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1/25/2018 7:38:29 AM
Posted: 6/15/2003 6:25:49 PM EST
I wonder if American citizens will be so defiant when it is time for them to turn 'em all in to be melted down..... [url=http://www.washingtonpost.com/ac2/wp-dyn/A60044-2003Jun14?language=printer]Few Iraqis Meet the Deadline for Turning in Their Guns[/url] By Daniel Williams Washington Post Foreign Service Sunday, June 15, 2003; Page A14 BAGHDAD, June 14 -- The Iraqi guard at the entrance of the police academy, one of several places where citizens could surrender illegal weapons to U.S. occupation forces, shook his head when asked how many had met today's deadline for handing over guns without penalty. "We've had plenty of reporters, but no weapons come in," he said. A two-week weapons amnesty program designed to reduce the number of heavy armaments in the hands of Iraqis ended today with scant results. Nationwide, 123 pistols, 76 semiautomatic rifles and shotguns, 435 automatic rifles, 46 machine guns, 162 antitank rocket-propelled grenade launchers, 11 antiaircraft weapons and 381 hand grenades had been turned in as of this morning, according to the U.S. military. There seemed to be no last-minute rush. U.S. officials, while describing the response as light, were quick to explain that the goal was never to disarm Iraqis, but principally to inform them that banned weapons must not be carried in public. As of Sunday, it will be illegal for Iraqis to carry weapons in public without a permit. Nor can they possess or hide machine guns, high explosives, weapons designed to destroy armored vehicles or aircraft or arms that fire ammunition larger than 7.62mm. However, troops will not go house to house in search of such arms. Rather, the U.S. military will rely on "actionable intelligence" in making raids on suspected caches. No one knows how much weaponry rests in Iraqi civilian hands. Farmers carry rifles into their fields, and motorists routinely pack pistols and AK-47 assault rifles in their cars. Rare is the wedding celebration that does not include a fusillade of rifle fire to greet the happy couple. As ambushes of U.S. troops have increased markedly in recent weeks, getting guns off the streets has become a priority for occupation forces. Commanders have reported several busts of weapons caches, including one today that uncovered 300 tank and artillery shells, 475 rocket-propelled grenades and 1,000 light arms. Still, it is not clear how public possession will be curbed. In Baghdad, a city of 5 million people, less than half the Iraqi police force is on duty. They lack squad cars and, in any case, take to the streets only in the company of U.S. armored or heavily armed jeep units. At a district police station in eastern Baghdad, military police Lt. Andrew Sherzinger said only two Iraqis had dropped by to surrender weapons -- one machine gun and a grenade launcher -- during the amnesty period. "It's hard to figure the effectiveness of the policy anyway," Sherzinger said. "According to the rules, it's okay to keep an AK-47 in your home. But if there are 20 males in the house, does that mean each can have a rifle? That would be enough to arm a militia."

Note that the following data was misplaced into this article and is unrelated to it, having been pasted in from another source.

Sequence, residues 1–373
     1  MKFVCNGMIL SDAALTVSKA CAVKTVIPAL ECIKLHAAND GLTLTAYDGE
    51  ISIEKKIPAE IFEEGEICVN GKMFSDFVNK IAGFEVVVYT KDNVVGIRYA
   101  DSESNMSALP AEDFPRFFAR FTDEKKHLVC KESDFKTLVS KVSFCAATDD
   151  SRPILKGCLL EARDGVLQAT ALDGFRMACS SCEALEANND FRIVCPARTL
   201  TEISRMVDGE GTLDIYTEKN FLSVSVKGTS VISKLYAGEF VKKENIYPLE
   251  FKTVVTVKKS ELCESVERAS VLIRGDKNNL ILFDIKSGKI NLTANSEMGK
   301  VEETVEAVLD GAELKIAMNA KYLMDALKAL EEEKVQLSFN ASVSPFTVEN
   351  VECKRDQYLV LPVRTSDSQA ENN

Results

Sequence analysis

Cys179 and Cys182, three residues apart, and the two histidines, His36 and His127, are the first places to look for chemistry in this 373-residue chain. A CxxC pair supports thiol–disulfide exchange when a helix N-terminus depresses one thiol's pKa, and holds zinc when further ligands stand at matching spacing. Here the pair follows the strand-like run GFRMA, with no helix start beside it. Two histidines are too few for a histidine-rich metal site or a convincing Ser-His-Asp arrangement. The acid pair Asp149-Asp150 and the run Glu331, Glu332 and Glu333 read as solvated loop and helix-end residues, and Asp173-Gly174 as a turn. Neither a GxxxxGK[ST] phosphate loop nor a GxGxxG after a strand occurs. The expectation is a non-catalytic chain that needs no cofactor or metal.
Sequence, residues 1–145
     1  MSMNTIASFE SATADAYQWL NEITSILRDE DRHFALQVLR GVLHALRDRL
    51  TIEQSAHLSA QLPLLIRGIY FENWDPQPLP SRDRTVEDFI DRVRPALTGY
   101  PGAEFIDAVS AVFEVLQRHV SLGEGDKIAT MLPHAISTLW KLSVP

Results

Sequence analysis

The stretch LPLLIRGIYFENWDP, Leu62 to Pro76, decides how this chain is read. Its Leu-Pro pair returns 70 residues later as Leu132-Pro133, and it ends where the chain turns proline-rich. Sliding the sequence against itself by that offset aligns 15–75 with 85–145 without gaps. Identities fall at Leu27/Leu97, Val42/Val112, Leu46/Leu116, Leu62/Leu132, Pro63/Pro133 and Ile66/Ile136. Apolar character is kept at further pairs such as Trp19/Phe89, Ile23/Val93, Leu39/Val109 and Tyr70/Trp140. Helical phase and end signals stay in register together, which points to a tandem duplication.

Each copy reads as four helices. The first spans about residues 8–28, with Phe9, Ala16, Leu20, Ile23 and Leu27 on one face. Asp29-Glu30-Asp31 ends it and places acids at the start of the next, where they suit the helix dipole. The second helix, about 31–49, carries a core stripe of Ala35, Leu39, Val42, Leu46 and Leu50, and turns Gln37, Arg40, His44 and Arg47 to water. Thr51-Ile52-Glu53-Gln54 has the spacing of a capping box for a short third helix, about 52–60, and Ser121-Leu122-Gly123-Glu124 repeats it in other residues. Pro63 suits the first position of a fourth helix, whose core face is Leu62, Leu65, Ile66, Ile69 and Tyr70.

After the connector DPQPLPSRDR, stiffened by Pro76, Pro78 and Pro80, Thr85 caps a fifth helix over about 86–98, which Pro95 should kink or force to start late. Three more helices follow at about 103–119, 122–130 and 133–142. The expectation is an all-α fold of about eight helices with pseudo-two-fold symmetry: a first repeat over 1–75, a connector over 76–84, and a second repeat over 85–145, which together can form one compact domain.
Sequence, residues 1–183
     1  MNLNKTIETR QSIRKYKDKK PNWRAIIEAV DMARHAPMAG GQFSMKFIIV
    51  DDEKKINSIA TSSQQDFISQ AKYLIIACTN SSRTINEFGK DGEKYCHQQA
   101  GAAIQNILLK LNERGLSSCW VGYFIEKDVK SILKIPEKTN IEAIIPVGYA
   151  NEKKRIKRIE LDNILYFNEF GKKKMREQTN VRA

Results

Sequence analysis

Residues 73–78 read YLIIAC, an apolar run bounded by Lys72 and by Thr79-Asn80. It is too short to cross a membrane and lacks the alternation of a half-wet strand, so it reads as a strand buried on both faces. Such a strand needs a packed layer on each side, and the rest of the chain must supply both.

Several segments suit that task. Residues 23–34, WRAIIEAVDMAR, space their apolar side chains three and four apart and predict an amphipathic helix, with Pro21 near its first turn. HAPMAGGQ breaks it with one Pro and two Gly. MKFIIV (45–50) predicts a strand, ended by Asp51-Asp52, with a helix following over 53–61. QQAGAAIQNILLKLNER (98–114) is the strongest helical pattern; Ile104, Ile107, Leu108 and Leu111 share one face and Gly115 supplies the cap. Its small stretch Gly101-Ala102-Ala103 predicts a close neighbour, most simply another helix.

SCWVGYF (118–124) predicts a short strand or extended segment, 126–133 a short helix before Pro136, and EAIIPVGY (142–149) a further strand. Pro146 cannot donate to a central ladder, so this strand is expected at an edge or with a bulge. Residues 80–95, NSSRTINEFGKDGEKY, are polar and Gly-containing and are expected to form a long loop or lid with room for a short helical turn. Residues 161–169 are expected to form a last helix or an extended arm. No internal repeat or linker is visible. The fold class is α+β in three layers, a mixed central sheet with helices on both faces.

Link Posted: 6/15/2003 7:02:28 PM EST
[Last Edit: 6/15/2003 7:04:10 PM EST by Airwolf]
Decades under a repressive dictatorship and now that they have a taste of freedom they are supposed to give up one of their primary methods of holding on to it? I don't think so. Also too many tribal and political "disagreements" (read: vendetta) out there with people looking to even the score. Expect someone else to look out for you? Yeah, right. I wouldn't be turning in any of my hardware either under those (or any other) circumstances.
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